approaching minimum resistivity, and can be usefully com- gradients and abrupt changes in soil condition. The latter
pared with as-received resistivity measurements. Surplus method permits precise mathematical treatment, such as cumu-
water should not be poured off as this will remove soluble lative probability analysis. This test method permits the deter-
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constituents. mination of the probability of the presence of a soil with a


7.2.3 Temperature correction will not be required if mea-
surement is made in-the-ditch or immediately after the sample
is taken. If samples are retained for subsequent measurement, 3
National Institute of Standards and Technology Circular No. 579, p. 157.

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resistivity equal to or greater than a particular value.4 Where TABLE 1 Statistics from Multi-participant Evaluation of Wenner
random resistivities are measured over a plant site, these can Four Electrode Soil Resistivity MeasurementA
best be displayed on a plot plan or similar layout. In either case, Site No. 1 Site No. 3
use pedological surveys in the planning and interpretation of Electrode spacing, m 6.1 1.5
any extensive survey. Measurements could be made in each Average measured resistance 10.9 62.6
Average resistivity, V - cm 41 700 59 900
soil classification under a variety of drainage conditions to Repeatability standard deviation, V - cm 2 300 4 700
simplify survey planning. Repeatability coefficient variation, Cv, % 5.5 7.8
Reproducibility standard deviation, S, V - cm 6 900 10 000
8.1.2 If resistivity information is required to assess the
Reproducibility coefficient of variation, Cv, % 16.5 16.6
requirement for corrosion control measures, it is recommended A
Evaluation in Chester, New Jersey on May 28, 1993. Triplicate soil resistivity
that the tests be made on a true random basis. Since the number measurements by seven participants each using different meters.
of soil sections that could be inspected is essentially unlimited,
infinite population characteristics can be used to simplify technique is inherently less accurate than the four-electrode
statistical treatment. Risk and error must be arbitrarily selected method because of polarization effects, but useful information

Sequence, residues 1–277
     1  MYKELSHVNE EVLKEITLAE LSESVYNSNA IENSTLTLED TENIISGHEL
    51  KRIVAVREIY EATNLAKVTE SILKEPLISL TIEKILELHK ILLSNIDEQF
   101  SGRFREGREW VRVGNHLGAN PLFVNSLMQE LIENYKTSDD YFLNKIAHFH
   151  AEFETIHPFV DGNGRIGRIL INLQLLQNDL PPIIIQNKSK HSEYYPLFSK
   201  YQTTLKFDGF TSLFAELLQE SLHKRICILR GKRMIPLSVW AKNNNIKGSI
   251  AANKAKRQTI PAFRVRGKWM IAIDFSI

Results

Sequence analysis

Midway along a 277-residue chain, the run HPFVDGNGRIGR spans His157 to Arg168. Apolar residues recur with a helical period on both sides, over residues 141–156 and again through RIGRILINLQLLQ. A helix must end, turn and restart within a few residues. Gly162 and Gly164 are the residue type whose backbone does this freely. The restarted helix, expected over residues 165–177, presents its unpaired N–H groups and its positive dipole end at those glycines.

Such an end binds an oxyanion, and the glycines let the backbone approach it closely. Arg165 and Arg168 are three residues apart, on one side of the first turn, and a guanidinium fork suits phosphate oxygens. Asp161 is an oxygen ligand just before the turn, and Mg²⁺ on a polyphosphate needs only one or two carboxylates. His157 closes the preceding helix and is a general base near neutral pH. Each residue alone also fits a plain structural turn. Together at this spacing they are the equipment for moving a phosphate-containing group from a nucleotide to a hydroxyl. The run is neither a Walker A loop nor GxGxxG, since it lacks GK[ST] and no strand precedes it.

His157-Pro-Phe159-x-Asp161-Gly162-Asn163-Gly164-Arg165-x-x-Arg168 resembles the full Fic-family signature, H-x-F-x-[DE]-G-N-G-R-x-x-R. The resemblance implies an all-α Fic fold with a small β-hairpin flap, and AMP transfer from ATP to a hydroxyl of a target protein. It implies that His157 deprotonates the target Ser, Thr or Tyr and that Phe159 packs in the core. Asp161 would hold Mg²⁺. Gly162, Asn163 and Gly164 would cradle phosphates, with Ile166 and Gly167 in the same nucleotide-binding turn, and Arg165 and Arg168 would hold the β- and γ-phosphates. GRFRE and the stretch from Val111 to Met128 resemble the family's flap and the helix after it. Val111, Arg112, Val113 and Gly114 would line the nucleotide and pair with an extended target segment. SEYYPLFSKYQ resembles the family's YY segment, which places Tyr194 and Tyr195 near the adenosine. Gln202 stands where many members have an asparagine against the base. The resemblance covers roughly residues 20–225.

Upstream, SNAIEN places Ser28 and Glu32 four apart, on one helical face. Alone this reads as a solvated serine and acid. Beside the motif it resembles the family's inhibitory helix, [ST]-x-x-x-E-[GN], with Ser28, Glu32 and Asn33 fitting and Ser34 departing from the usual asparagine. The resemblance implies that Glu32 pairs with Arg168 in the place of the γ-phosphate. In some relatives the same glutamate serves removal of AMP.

to allow determination of the number of measurements. A risk can be obtained concerning the characteristics of particular
of 5 % of an error greater than 100 Vcm should be suitable for strata. More precise procedures may be employed in laboratory
most situations. The error limit should be about 10 % of the investigations and these should be defined in reporting the
anticipated mean resistivity. Where mean or median values results. Where resistivity information is included in published
cannot be estimated with reasonable accuracy, sequential information, the measurement techniques used should be
sampling techniques can be employed. defined.
8.2 InterpretationInterpretation of the results of resistiv-
ity surveys will largely depend on the experience of the persons 10. Precision and Bias
concerned. The mean and median resistivity values will indi- 10.1 PrecisionThe precision of this test method was
cate the general corrosivity of the soil. Sharp changes in determined by a statistical evaluation of a multi-participant
resistivity with distance and appreciable variations in moisture evaluation with each participant using a different meter. The
content and drainage are indicative of local severe conditions. data from this evaluation are available from ASTM in a
Cumulative probability plots will indicate the homogeneity of research report. A summary of these data is given in Table 1.
the soil over the area or route and will indicate the probability 10.1.1 RepeatabilityRepeatability refers to the variation
of severe, moderate, and minimal corrosion of the various in results obtained by the same operator with the same
construction materials. Available pedological data should be equipment and same operating conditions in successive runs.
used to facilitate interpretation. In the case of soil resistivity measurements, the repeatability
9. General may be characterized by a coefficient of variation, Cv, repre-
senting the repeatability standard deviation divided by the
9.1 It should be recognized that subsurface conditions can average result and expressed in percent. The multi-participant
vary greatly in a short distance, particularly where other buried test program results indicate a repeatability Cv of 6.7 %. The
structures have been installed. Surface contamination tends to 95 % confidence interval is 2.8 Cv or 18.8 %.
concentrate in existing ditches with surface run-off, apprecia- 10.1.2 ReproducibilityReproducibility refers to the varia-
bly lowering the resistivity below the natural level. Since a tion in results that occurs when different operators measure the
pipeline ditch cannot be included in the span of at-grade same soil. In the case of soil resistivity measurements repro-
measurements, soil box samples should be obtained where the ducibility may be characterized by a coefficient of variation,
opportunity exists. To evaluate contamination effects when a Cv, representing the reproducibility standard deviation divided
new route is being evaluated, soil samples can be obtained at by the average result and expressed in percent. The multi-
crossings of existing pipelines, cables, etc., or by intentional participant test program results indicate a reproducibility Cv of
sampling using soil augers. 16.6 %. The 95 % confidence interval is 2.8 Cv or 46.5 %.
9.2 Other field resistivity measurement techniques and 10.2 BiasThe procedure in Test Method G57 for measur-
equipment are available. These commonly use two electrodes ing soil resistivity by the Wenner Four Pin Method has no bias
mounted on a prod that is inserted in the soil-at-grade in an because the value of Wenner Four Pin soil resistivity is defined
excavation or a driven or bored hole. The two-electrode only in terms of this test method.

4
11. Keywords
Scott, G. N., Corrosion, National Association of Corrosion Engineers, Vol
14, No. 8, August 1958. 11.1 four electrodes method; soil resistivity